Fancy getting some dirt under your fingernails? Whether you have green thumbs or not, environmental organisation Kaipātiki Project welcomes volunteers to its Engine Bay Plant Nursery at Bomb Point Drive. Volunteers help to grow 10,000 native plants each year, which help with the restoration of the local coastal area.

The mahi includes potting up and propagating, maintaining the grounds, and removing weeds. Volunteers have also established a community orchard and a food forest to grow organic vegetables, fruit and herbs.

Last year, the team was instrumental in setting up the Hobsonville Community Compost Hub, to help divert a significant amount of local food waste from landfill and turn it into living compost.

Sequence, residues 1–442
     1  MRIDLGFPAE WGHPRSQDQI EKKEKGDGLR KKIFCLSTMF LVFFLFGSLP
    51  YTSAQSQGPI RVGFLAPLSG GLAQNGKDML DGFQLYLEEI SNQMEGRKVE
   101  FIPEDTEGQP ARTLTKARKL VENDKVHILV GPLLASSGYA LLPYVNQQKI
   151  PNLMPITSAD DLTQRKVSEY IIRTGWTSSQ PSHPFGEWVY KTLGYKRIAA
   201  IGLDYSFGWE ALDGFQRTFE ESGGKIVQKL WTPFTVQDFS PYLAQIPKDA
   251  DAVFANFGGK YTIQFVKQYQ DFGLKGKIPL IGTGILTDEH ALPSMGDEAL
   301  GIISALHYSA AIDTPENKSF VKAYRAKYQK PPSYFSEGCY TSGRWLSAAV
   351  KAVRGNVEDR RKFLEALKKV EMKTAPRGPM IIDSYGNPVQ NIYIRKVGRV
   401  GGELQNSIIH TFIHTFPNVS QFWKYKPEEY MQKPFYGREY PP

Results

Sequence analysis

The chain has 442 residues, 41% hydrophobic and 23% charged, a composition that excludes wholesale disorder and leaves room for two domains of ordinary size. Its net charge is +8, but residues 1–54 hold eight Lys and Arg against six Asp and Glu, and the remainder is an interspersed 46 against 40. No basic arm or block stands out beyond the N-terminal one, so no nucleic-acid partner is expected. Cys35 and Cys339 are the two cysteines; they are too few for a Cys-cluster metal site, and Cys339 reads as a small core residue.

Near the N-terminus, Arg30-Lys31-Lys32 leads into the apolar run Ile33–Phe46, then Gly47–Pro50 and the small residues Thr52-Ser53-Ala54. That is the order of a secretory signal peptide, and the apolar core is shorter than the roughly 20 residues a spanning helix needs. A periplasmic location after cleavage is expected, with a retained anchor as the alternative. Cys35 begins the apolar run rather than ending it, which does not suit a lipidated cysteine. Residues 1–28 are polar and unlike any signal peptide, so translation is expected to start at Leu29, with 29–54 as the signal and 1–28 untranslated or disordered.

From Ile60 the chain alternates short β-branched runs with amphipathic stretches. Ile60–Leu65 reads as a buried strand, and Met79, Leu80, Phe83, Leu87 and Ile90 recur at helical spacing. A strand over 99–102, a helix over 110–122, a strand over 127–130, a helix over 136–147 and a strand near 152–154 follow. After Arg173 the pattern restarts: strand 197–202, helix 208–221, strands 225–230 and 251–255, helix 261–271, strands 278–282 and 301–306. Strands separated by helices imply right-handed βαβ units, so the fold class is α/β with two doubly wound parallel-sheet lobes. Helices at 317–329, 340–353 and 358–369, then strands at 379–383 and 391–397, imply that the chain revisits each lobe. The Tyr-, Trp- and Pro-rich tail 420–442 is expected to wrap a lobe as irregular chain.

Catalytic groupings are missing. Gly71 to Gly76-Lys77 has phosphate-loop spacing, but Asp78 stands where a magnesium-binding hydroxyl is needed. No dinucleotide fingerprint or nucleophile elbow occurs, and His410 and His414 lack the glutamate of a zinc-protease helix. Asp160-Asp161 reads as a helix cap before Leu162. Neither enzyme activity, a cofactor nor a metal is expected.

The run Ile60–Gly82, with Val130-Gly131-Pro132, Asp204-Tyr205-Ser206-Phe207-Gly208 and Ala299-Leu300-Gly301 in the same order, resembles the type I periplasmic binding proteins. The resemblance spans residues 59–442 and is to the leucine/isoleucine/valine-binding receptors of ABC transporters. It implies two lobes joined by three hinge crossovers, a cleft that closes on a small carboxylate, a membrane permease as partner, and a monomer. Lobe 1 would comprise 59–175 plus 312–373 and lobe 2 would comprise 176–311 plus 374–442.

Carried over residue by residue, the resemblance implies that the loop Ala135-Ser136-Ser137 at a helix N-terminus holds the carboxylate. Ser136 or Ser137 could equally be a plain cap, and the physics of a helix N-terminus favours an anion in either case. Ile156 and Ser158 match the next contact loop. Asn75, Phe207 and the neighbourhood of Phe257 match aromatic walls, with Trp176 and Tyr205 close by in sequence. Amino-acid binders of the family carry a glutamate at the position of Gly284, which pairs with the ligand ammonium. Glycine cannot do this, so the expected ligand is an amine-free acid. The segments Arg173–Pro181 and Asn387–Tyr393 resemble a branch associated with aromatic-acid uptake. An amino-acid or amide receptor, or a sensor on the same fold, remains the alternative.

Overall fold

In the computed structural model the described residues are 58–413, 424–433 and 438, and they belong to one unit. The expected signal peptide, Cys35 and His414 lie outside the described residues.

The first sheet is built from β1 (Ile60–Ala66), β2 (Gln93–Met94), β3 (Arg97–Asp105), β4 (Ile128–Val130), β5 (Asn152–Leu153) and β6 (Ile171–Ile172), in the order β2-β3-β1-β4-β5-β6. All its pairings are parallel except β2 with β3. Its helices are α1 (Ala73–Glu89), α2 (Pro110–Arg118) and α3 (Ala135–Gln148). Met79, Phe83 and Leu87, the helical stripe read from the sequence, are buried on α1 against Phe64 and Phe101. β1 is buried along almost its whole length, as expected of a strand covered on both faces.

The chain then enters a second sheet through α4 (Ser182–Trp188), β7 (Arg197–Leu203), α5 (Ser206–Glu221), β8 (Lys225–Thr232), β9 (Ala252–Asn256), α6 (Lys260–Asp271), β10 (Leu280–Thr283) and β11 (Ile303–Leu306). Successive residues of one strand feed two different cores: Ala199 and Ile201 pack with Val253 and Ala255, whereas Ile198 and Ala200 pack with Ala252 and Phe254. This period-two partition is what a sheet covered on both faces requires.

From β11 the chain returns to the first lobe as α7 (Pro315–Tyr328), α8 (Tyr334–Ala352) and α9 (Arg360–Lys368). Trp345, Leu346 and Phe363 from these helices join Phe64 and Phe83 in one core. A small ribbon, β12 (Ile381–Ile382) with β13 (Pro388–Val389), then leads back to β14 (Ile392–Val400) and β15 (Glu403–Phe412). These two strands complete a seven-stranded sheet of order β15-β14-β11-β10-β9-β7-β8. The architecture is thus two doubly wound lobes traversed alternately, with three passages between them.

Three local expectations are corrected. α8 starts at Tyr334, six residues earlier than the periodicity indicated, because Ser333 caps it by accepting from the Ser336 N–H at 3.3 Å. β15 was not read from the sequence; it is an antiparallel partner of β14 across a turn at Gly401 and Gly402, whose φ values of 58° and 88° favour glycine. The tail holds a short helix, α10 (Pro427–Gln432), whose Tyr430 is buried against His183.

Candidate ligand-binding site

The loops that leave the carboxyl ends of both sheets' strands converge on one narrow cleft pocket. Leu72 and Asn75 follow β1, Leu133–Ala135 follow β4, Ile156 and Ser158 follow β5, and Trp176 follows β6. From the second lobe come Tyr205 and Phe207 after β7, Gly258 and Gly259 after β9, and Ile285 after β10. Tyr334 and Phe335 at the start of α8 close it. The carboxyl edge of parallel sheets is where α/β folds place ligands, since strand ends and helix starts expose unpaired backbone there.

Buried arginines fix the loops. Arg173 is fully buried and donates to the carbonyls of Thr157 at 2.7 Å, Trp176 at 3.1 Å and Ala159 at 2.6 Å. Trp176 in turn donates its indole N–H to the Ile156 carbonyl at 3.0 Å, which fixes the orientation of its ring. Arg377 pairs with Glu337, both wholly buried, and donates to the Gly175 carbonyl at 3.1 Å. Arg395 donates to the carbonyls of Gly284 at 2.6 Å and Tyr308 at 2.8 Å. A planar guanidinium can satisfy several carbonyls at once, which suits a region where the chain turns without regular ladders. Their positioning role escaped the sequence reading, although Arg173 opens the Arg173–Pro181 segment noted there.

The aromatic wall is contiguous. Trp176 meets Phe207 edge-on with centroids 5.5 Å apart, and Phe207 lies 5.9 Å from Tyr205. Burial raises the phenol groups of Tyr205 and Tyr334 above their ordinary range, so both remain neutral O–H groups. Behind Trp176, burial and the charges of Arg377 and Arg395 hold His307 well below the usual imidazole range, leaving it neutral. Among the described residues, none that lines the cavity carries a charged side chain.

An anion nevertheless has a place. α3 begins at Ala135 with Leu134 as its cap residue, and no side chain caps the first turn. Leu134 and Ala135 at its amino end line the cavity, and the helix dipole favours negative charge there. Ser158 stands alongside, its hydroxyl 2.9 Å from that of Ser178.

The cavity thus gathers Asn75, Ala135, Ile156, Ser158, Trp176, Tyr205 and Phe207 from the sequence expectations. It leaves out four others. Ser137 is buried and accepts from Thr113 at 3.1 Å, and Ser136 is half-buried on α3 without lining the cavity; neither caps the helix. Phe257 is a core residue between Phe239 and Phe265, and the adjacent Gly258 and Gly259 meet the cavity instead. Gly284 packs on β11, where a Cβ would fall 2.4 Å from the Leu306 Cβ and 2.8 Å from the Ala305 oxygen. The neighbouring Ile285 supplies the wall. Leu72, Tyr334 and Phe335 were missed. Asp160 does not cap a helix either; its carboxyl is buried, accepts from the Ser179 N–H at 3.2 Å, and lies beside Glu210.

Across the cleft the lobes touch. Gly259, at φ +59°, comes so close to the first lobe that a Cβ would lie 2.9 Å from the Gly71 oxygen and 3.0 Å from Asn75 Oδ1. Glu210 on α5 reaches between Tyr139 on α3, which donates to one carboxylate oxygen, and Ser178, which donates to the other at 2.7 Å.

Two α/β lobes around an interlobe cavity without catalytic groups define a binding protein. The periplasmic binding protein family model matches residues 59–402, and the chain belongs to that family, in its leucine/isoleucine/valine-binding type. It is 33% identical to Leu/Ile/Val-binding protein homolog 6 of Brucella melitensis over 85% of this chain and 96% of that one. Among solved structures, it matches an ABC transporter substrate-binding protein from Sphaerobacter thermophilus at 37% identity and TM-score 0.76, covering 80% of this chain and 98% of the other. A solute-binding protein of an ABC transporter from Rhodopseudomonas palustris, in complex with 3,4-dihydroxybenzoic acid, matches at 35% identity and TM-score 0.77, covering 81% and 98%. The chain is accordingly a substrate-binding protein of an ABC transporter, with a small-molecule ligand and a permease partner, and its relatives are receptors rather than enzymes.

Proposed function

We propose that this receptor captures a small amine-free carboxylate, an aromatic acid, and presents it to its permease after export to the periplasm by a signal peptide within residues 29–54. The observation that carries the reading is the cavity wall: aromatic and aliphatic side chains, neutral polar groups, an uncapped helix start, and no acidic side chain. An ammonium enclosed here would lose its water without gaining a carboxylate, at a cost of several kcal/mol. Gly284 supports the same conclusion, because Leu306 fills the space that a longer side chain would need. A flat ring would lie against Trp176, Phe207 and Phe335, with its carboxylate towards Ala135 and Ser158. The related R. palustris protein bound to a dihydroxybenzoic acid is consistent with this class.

All this hard work was recognised at last month’s Upper Harbour Volunteer Awards evening, hosted by Upper Harbour Local Board, where the Engine Bay Plant Nursery team won the Environment Award.

The award capped off the nursery’s tenth birthday celebrations, which it marked with a community Enviro Day in March. “The nursery still operates out of a shed with very limited facilities, but this does not deter the regular volunteers who turn up weekly year-round in all conditions, rain or shine,” says Kaipātiki Project’s Blanka Ros.

“The enthusiastic volunteers at the nursery are truly committed to enhancing native biodiversity in the local area and support sustainable living practices. We are extremely proud of our volunteers and humbled to be working with them,” Blanka says.

To volunteer or get involved in a community compost hub, get in touch at